After 36 years of conflict with the militant Moro Islamic Liberation Front (MILF), the Philippine government seems to be close to striking a peace deal, as talks between the rebels and the government have led to concessions overcoming some of the biggest obstacles to peace.
The deal would impose a ceasefire in predominantly Muslim areas of the island of Mindanao, an impoverished yet resource-rich region in the south of the Philippines.
According to Reuters, negotiators from both sides have acknowledged the progress made, which many hope will bring an end to a 12 year long ‘all out’ campaign initiated by the government that has displaced at least 700,000 people on Mindanao, according to the Internal Displacement Monitoring Centre.
The deal also allows for a new autonomous region to be created before the end of President Benigno Aquino’s term in 2016. The chief government negotiator Marvic Leonen said the deal will be completed this year, according to Reuters, perhaps as early as October during the next round of peace talks held in Malaysia.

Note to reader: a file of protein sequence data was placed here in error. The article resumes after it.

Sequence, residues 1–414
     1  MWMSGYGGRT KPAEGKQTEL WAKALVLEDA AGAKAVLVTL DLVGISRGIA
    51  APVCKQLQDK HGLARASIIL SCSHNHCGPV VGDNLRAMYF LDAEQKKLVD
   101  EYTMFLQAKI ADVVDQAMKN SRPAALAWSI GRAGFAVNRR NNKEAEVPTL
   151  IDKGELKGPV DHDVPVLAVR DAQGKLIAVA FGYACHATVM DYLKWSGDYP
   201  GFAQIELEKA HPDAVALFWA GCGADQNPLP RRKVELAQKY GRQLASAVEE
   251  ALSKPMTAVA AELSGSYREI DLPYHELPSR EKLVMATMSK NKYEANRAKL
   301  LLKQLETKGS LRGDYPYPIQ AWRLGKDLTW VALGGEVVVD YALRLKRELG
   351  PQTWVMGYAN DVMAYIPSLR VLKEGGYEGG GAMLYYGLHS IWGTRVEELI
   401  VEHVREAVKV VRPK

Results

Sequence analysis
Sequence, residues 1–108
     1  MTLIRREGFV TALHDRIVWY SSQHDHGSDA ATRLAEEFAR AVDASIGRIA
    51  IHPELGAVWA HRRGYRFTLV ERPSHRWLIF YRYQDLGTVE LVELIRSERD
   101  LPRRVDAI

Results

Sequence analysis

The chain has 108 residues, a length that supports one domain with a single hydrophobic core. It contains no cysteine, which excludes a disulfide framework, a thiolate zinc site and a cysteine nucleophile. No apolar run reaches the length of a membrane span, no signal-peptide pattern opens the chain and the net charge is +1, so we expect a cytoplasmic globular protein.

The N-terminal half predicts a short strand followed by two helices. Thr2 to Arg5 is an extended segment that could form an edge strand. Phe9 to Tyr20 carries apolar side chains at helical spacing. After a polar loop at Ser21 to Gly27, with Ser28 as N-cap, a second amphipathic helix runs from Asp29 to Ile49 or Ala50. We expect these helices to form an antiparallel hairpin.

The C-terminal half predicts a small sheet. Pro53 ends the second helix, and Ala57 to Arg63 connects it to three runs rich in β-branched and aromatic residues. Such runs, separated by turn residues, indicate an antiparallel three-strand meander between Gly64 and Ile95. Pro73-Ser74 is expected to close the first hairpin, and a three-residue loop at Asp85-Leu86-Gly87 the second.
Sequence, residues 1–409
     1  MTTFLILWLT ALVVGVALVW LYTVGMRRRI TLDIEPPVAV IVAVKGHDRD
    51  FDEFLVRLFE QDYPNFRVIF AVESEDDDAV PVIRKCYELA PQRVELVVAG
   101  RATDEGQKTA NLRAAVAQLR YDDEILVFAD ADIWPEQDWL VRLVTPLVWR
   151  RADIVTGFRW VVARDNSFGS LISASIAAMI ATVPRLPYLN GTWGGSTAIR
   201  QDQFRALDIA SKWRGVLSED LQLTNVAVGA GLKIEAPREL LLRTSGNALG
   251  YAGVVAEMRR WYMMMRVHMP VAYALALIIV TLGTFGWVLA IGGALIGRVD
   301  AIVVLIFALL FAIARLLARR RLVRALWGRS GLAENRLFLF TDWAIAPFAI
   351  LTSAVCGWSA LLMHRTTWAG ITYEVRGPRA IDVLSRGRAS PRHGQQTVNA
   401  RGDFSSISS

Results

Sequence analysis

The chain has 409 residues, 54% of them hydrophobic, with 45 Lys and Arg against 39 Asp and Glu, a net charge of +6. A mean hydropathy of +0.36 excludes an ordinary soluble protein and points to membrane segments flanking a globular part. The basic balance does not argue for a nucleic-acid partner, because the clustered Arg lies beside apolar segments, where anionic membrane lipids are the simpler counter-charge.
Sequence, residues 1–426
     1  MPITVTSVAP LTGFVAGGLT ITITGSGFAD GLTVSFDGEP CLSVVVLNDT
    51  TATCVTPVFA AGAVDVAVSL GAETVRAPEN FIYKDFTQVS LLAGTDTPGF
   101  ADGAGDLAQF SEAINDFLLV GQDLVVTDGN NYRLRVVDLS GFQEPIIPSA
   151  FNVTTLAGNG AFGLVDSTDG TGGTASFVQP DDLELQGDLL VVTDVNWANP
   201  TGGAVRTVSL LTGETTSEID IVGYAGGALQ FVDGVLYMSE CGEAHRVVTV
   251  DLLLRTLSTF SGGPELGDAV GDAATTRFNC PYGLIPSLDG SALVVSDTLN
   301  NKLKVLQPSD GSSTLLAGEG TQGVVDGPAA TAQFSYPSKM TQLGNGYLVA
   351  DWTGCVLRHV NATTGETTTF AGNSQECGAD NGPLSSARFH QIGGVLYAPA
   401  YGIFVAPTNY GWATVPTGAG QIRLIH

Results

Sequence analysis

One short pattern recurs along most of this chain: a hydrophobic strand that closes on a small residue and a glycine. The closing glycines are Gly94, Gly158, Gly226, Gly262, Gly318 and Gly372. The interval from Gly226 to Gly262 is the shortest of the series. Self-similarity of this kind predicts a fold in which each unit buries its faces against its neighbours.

The current conflict began in 1968, when as many as 68 Muslim military trainees were slaughtered by the army. The details of the event are unclear, but one theory suggests then-president Ferdinand Marcos was trying to stir dissent in the Malaysia-contested Sabah region and the Muslim soldiers were slaughtered for refusing to carry out orders.
The massacre led to the creation of militant groups, one of which was MILF. In 2000, President Joseph Estrada suspended an uneasy truce with MILF and declared an all out war against the rebels, increasing militant activities and government operations which have killed over 100,000 people.
While the deal could effectively bring an end to the decades long conflict with MILF, other militant groups still remain and could pose a potential threat to the peace.
“We are close to it, but there are still big elephants in the room, such as territory, internal security, and wealth-sharing arrangements,” the chief negotiator with MILF rebels, Mohagher Iqbal, told Reuters.
The deal with MILF would open up Mindanao to development and investments. Aquinao pledged to provide the impoverished state the largest share of government allocated infrastructure funds. According to Reuters, the deal for MILF could also be motivated by the possible development of the island’s mineral industries.